Nvidia and AMD addressed the great GPU shortage today, revealing it may take many months before you’ll easily find a card like the RTX 3080 on shelves. They didn’t say how much a renewed Trump import tax on graphics cards might impact their prices — but now, Nvidia partners EVGA and Zotac may have done that for us
Both graphics card manufacturers have now raised their prices across the board, with EVGA following Asus’s lead by openly admitting at the top of its website that it’s making these adjustments. Zotac, on the other hand, appears to have quietly raised prices not once, but twice in recent weeks — and thanks to the Internet Archive’s Wayback Machine, we can show you how both company’s prices have changed (at their own stores, anyhow).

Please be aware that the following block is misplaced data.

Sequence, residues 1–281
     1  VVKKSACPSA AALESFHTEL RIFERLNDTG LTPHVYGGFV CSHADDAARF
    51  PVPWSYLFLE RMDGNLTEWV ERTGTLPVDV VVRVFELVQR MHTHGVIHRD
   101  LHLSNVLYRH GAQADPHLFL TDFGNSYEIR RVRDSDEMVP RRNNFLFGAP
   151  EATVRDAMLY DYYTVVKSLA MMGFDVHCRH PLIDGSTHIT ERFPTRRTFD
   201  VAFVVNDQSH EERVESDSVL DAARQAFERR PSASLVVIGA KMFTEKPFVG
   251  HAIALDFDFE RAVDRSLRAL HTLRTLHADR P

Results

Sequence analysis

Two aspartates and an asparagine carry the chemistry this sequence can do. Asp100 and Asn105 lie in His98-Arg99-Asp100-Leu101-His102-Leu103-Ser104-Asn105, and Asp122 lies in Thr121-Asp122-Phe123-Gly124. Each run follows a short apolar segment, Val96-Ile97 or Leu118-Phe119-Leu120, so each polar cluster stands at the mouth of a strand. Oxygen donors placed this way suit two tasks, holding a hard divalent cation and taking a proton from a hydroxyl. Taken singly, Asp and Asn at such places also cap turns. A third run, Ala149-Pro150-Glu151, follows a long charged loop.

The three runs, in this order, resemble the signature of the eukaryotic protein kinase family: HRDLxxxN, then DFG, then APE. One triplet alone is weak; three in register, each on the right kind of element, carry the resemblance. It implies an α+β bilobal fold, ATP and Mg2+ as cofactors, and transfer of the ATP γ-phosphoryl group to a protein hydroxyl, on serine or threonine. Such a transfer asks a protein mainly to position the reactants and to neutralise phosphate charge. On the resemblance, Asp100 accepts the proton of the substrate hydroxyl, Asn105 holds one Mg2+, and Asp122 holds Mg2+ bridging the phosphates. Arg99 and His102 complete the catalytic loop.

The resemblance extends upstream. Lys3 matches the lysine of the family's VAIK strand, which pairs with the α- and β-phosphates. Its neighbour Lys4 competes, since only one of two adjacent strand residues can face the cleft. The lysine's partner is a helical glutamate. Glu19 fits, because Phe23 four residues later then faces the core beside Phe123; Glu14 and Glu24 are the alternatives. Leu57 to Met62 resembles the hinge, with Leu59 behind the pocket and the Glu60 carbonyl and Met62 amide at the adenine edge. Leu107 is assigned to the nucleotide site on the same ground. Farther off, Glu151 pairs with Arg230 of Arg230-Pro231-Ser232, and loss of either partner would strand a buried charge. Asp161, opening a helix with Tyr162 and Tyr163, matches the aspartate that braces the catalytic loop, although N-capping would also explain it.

Here’s EVGA’s statement, just for posterity:
Due to ongoing events, EVGA has made price adjustments on the GeForce RTX 30 Series products. This change was necessary due to several factors and will be effective January 11, 2021. EVGA has worked to reduce and minimize these costs as much as possible. For those who are currently in the EVGA.com Notify Queue system or Step-Up Queue, EVGA will honor the original MSRP pricing through April 16th, 2021 if your purchase position is processed before this date.
Like EVGA suggests, its price hikes aren’t that drastic — only a $70 increase on most cards, and it’s nice that they’re honoring their trade-up program for a few months. The RTX 3060 Ti is just $460, the same a friend of mine recently paid at a Central Computers store for that exact card in the SF Bay Area.
Zotac, on the other hand, has raised the price of even its most basic cards by $90-$100, and far more than that for the RTX 3090:
- from $440 to $500 and now $530 for an RTX 3060 Ti
- from $540 to $600 and now $640 for an RTX 3070
- from $750 to $780 and now $840 for an RTX 3080
- from $1550 to $1580 and now $1900 for an RTX 3090
None of this matters unless you can find one, of course. For that, again, here’s the latest guidance we have from AMD and Nvidia.